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Venetian School

(circa 1550)

Tabula Cebetis. Woodcut from three plates, printed on three sheets.
51 x 39.4 cm, 52 x 39.2 cm and 52.5 x 39.5 cm. Passavant VI, 6, p. 239, no. 80; Nagler, Neues allgemeines Künstler-Lexicon, vol. 20, p. 228, 2 (Vieceri).

The Tabula Cebetis or Tablet of Cebes was a philosophical dialogue written in Greek in late antiquity (first century A.D.), the authorship of which was attributed at a very early stage to Cebes of Thebes (circa 400 B.C.), a pupil of Socrates. In the text an old man outside a temple of Kronos passes comment on an allegorical mural inside on the theme of life’s journey. The dialogue on the subject of ethics, which was rediscovered in Italy in the 15th century, was published in Latin in Bologna in 1497. It was thus the source for the dissemination throughout Europe of numerous modern-language translations and commentaries. The mural, described in the ekphrasis of late antiquity, underwent frequent pictorial reconstruction by artists of the early modern period both in the title engravings of book editions, as exemplified by Holbein the Younger in 1521 (Hollstein 33.b), and in independent depictions with captions and  inscriptions, a well-known example of the latter in Northern Europe being the engraving made in 1592 by Jacob Matham (Hollstein 253) after an invention by Hendrick Goltzius. 

The Tablet of Cebes was widely distributed in text editions and artistic reproductions as late as the 18th century. The typical structure of these works comprises concentric wall rings with allegorical figures, through which man passes on his journey through life and in the course of his intellectual development. The present woodcut from three plates is an early Italian example of this theme. The two philosophers are sat in opposite corners in the foreground in accordance with the attribution to Socrates’ pupil, Cebes of Thebes. In the centre of the picture an old man (Genio/Daimon) admits a few figures to the first wall ring. He sets them on the right path to happiness but, after entering life, they are immediately given a potion of deception (Fraude/ Apate) which puts them on the wrong track. The first ring is the home of the senses, of material things, where Fortune (Tyche), who is both deaf and blind, sits on the right and a number of protagonists are already moving off in the wrong direction, while on the left evil deeds are committed and punishments meted out. The second wall ring is the home of the intellect; here false erudition and the arts can divert people from the path of true education. The vera dottrina can only be reached via a steep climb (top right); here new arrivals are purified with an antidote to the potion of deception and enabled to move on to the third ring and the castle of happiness (top left).

The first Italian translation of the Tabula Cebetis by Franceso Coccio da Iano, printed in Venice in 1538, appears to be the source drawn on by our artist, since the design and inscriptions of the allegories match the vocabulary used in this edition. Hence the year it was published can serve as a terminus post quem.

The present extremely rare depiction of the Tabula Cebetis is closely related in stylistic respects to another version of the subject matter dated 1549 and published in Venice the same year (see R. Schleier, Tabula Cebetis, Berlin 1973, p. 42f., fig. 39). Both sheets are very much in the tradition of large-scale Venetian woodcuts, which had their heyday in the second half of the Cinquecento. The crowded, highly finished composition with its extremely complex and erudite pictorial programme reveals the hand of a practised and experienced artist. Despite the huge format, the depiction has narrative coherence and a convincing visual impact. For a long time there was disagreement over who was the author of our print. Weigel (1840), Nagler (1850) and Passavant (1864) thought the woodcut was based on a drawing by Paolo Veronese. Passavant referred to an impression with the address “In Venetia il Vicceri”. However, it has now been established that this address appeared only on later reprints. Adolph Goldschmidt, on the other hand, associated the woodcut with the Flemish master, Lambert Lombard, and characterised the work, albeit not very convincingly, as “Dutch Italianate”. He thought it might be a reproduction of a grisaille painting by Lombard which was mentioned by the humanist, Dominicus Lampsonius, in his life of the artist. For the time being the authorship of this fascinating, high-quality woodcut remains unresolved. That the author must have been a woodcutter active in Venice around the middle of the 16th century is beyond doubt. The sweeping, evocative landscape background is closely modelled on designs by Titian and Domenico Campagnola, but the way in which the many lively protagonists are drawn provides no further clues to the author. The two  philosophers, Socrates and Cebes, are faintly reminiscent of the Mannerist figurative canon of Domenico Beccafumi, although the overall visual impression conforms more to the Venetian aesthetic in the second half of the 16th century.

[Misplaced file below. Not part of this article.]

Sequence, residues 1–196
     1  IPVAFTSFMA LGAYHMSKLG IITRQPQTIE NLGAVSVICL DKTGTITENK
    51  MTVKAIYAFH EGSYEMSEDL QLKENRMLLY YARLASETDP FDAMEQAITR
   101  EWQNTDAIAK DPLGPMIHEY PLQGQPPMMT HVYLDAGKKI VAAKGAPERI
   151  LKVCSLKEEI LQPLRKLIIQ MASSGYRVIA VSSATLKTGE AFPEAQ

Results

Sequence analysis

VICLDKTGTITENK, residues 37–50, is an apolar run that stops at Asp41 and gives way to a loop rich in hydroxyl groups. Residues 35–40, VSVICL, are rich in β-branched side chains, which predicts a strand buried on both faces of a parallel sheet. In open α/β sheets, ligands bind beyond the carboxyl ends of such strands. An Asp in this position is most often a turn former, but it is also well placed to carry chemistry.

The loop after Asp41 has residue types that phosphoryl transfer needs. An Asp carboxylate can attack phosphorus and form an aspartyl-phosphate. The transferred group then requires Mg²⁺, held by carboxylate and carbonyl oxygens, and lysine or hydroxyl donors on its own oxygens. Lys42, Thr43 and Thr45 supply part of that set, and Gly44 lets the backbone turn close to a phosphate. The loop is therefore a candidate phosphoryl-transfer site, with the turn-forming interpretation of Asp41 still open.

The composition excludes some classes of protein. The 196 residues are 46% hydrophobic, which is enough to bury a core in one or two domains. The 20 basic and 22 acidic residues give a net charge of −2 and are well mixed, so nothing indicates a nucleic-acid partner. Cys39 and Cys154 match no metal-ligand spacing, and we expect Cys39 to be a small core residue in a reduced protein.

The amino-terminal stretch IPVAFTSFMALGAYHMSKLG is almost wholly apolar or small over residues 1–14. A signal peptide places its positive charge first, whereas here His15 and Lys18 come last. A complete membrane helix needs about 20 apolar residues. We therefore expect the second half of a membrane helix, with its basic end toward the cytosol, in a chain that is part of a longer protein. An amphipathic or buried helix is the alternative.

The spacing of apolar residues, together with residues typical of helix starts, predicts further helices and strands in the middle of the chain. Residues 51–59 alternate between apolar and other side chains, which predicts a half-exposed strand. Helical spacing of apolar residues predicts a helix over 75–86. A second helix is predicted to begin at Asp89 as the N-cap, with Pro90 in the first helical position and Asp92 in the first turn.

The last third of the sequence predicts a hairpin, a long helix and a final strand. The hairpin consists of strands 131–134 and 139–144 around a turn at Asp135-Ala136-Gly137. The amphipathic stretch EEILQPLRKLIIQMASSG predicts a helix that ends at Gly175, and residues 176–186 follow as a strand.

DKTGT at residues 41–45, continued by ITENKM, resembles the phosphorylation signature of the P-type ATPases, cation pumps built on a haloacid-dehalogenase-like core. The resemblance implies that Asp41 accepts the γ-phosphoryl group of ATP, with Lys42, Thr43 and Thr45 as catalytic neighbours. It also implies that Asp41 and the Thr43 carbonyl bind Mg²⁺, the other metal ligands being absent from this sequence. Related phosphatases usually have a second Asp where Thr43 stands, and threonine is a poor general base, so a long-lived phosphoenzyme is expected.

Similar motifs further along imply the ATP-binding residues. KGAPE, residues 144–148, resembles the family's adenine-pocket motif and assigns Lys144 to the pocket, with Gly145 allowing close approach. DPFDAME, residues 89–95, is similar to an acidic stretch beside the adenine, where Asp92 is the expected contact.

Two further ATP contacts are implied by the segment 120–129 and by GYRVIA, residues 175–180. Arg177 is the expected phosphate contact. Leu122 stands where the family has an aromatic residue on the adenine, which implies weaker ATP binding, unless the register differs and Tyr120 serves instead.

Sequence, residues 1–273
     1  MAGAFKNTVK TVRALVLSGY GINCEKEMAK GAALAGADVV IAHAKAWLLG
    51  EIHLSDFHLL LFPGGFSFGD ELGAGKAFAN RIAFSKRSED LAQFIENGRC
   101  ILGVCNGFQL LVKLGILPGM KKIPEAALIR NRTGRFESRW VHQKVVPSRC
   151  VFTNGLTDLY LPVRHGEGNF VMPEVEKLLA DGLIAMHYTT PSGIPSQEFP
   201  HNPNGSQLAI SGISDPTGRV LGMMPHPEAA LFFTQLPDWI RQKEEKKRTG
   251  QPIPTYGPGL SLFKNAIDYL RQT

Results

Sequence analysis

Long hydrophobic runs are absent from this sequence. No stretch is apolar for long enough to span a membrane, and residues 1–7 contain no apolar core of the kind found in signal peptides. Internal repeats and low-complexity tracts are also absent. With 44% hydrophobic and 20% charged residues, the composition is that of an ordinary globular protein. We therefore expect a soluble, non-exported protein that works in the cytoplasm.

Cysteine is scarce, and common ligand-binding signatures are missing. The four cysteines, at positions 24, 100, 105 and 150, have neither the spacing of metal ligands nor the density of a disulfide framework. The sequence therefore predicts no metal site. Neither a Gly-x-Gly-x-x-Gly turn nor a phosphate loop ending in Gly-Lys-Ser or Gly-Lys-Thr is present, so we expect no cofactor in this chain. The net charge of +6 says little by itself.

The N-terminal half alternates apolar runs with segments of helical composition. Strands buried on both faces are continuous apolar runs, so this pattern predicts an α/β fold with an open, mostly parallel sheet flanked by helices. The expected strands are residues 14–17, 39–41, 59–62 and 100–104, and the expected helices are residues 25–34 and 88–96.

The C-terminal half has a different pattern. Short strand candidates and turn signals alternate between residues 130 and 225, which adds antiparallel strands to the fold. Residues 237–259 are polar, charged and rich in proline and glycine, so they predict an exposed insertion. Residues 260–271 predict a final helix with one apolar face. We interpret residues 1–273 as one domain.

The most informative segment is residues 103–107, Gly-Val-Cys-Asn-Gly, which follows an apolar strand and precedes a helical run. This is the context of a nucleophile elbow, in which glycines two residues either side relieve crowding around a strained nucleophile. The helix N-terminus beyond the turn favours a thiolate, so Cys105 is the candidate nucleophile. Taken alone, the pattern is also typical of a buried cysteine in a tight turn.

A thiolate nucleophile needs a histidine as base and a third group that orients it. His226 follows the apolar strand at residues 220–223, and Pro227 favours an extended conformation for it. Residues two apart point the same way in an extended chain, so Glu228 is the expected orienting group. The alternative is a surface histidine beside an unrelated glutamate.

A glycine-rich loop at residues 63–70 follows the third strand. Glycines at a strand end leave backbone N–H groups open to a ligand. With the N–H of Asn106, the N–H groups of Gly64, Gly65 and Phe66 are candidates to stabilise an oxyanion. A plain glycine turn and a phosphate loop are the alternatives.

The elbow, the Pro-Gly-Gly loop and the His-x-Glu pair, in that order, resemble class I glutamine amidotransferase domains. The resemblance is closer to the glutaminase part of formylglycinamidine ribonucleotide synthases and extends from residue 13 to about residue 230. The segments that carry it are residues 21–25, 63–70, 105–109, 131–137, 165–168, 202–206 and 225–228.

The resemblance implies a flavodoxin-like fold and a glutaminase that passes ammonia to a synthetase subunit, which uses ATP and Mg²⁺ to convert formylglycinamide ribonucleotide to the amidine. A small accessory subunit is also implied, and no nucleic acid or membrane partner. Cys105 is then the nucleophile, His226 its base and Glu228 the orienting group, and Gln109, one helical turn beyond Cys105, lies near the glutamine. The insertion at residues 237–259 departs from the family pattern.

We know of the existence of two other impressions of the woodcut in the British Museum in London and the Kupferstichkabinett Berlin respectively. The impression in the British Museum, which is blotched and of poor printing quality, has a complex and convoluted monogram which Nagler attributes to an anonymous engraver and publisher, but it appears to be a stamp (Monogrammisten IV, 2693). Very fine, strong impressions, printed verso with a distinct relief. Minor ageing and handling traces, incidental thin patches verso in the corners and the centre, otherwise – in view of the size of the sheet – in excellent condition.

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